“One of the pieces of flair I had said ‘Try New Things,’ and the others looked tropical and travel-related so they were great for this subject. I placed them over the circles on the patterned paper and then used them as anchors for the baker’s twine which goes horizontally across the page and supports the theme of zip lining.”
Audrey Tan says, “I used flair here to represent the bubbles coming out from the photo.”
5. Add flair to embellishment clusters and stacks
Sue Althouse says, “This layout is about our favorite place to eat lunch when we’re at the beach. I chose flair with bright, happy colors that I associate with summer and vacations at the ocean. I used two of them as centers, stacked on stamped, hand-cut shapes. The third is part of a grouping of smaller shapes in a corner of the page where there was not room for the larger size. The placement of these embellishments forms a visual triangle that guides the eye through the layout.”
Debbie Hodge says, “My son’s jazz band played at a local ‘quackfest’ fund raiser and I used flair with colorful and energetic motifs to support the tone of the page. I stacked a ‘burst’ flair on top of a tie and topped it with an enamel dot to make a stacked element that grounds the journaler to the page. Two more pieces of flair are a part of the largest embellishment cluster on the page at bottom right.”
6. Add shine to your page with flair
In the Oomph & Polish issue of Masterful Scrapbook Design, Lisa Dickinson shared a lesson on the four things every page should have and shine was one of those things.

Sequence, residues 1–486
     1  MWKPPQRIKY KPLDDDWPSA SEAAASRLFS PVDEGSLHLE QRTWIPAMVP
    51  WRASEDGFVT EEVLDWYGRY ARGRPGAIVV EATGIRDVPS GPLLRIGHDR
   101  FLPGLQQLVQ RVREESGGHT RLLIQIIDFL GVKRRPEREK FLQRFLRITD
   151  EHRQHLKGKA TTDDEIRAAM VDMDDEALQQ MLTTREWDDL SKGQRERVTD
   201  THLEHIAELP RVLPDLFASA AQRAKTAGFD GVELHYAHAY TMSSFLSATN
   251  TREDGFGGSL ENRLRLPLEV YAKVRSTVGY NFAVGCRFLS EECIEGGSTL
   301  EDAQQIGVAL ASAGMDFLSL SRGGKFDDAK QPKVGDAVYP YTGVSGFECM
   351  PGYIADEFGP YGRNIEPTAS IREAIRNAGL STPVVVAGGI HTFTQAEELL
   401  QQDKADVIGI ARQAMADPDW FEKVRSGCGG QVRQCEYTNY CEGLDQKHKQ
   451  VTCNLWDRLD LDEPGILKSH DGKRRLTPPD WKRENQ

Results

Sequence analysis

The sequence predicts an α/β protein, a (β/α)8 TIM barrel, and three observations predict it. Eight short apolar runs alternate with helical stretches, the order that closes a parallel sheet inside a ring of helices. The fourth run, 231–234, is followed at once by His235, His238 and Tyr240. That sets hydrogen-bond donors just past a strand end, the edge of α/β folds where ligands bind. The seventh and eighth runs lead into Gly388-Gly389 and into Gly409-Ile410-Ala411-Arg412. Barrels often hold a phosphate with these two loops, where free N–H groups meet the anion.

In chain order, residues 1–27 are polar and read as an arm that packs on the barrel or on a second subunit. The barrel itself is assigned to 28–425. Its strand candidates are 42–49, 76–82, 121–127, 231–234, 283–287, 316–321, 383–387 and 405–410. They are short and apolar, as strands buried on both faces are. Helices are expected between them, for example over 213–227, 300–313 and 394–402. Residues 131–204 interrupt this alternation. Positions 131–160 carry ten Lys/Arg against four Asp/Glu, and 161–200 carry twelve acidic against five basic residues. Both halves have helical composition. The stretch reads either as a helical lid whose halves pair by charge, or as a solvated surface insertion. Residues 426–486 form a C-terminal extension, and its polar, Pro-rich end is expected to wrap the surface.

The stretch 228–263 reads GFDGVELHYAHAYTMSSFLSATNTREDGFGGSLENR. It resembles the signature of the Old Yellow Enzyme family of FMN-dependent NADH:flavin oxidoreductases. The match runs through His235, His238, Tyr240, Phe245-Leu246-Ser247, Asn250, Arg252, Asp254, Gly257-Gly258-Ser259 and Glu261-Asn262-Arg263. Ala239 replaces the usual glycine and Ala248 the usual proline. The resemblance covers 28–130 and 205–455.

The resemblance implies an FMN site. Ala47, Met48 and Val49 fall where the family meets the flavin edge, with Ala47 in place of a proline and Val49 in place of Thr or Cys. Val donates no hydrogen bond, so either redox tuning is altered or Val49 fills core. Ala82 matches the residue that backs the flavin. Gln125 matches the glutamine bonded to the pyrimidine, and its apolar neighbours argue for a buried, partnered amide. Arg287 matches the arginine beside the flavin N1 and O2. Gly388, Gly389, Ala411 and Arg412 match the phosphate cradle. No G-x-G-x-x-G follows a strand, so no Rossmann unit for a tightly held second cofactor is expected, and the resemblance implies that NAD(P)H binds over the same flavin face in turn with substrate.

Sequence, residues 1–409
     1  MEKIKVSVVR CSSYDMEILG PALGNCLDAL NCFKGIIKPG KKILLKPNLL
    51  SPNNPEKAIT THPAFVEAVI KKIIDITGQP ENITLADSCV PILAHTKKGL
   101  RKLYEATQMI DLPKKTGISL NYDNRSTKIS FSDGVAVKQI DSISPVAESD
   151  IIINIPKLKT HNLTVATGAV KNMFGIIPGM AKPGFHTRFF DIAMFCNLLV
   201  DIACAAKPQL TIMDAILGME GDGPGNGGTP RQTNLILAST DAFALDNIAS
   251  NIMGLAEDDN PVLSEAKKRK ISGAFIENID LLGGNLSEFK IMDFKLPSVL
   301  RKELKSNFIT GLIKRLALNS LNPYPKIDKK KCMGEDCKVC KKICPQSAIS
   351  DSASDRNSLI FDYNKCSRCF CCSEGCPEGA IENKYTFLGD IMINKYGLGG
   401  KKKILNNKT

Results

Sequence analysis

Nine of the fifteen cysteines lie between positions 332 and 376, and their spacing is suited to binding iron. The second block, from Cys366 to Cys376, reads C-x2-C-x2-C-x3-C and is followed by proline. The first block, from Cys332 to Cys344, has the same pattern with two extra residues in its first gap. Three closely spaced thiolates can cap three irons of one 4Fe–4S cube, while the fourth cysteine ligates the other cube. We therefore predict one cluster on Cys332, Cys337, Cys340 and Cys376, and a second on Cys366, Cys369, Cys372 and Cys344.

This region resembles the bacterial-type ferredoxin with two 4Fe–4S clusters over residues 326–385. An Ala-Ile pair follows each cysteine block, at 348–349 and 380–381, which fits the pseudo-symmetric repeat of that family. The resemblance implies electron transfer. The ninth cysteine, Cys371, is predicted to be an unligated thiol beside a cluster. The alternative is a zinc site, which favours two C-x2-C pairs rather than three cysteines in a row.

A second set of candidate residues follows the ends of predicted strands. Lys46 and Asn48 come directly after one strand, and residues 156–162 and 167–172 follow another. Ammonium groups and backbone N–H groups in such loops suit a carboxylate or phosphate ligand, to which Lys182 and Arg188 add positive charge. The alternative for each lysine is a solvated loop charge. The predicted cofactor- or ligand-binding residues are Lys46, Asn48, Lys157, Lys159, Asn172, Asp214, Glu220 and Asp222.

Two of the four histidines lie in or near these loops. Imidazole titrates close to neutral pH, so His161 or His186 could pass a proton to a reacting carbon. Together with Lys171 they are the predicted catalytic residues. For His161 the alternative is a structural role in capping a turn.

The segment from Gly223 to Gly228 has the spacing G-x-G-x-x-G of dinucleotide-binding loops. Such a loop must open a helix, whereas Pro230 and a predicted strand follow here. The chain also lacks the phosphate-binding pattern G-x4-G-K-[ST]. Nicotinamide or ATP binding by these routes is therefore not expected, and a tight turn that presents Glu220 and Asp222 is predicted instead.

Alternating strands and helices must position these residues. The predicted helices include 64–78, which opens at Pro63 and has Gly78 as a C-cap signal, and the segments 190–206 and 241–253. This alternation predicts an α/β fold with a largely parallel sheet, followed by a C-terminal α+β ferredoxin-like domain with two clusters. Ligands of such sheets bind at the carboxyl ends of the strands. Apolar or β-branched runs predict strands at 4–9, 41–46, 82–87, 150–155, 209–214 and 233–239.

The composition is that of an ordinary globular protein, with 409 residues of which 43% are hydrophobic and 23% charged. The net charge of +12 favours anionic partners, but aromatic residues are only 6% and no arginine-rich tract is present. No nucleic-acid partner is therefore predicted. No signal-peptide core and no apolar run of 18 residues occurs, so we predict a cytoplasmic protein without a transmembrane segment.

Debbie Hodge scrapbooked photos of her son photographing cats barefoot on a snowy day. Photography-themed flair works well to support the story, and it also adds a repetition of the shine and circular shape in the alphas spelling out ‘cats.’ The placement of the flair and of the shiny circular alphas create a downward diagonal flow taking the eye from top left down through the photo to bottom right. (Debbie’s note: “I lifted the idea of layering dotted vellum from Doris Sander!”)
7. Tell your story with flair
Amy Kingsford says, “This page features a fun Instagram photo of my two boys showing off their different sense of style. I used several pieces of flair from the ‘Geeked Flair Pack’ by Karla Dudley. Their messages reflected my theme, and I love the depth they add to my digital page. I re-sized some of them to add variety.”
Doris Sander says, “When adding to my flair collection, I am drawn to those with clever wording and iconic symbols. My most recent purchase was a package of Basic Grey’s ‘Hey, Boy!’ flair. I actually tried to talk myself out of it at first, because I only wanted it for the one that read, ‘I (heart) Science.’ I wasn’t sure if I’d use the other seven in the pack as my son is a definite science and nature geek, but is not the typical rough and tumble boy.”
“I started on this page about our recent Cub Scout trip to the Space Center in Huntsville, Alabama with the idea of using that ‘I (heart) Science’ flair, and was pleasantly surprised when I ended up using three more of the pack on the page! It turned out that ‘Sweet Ride’ and ‘Shazam!’ are perfect for a page about rockets, and a Coke display will always get a ‘Thumbs Up’ from me. This page has taught me to keep my mind open to all the thematic possibilities that my flair collection has to offer.”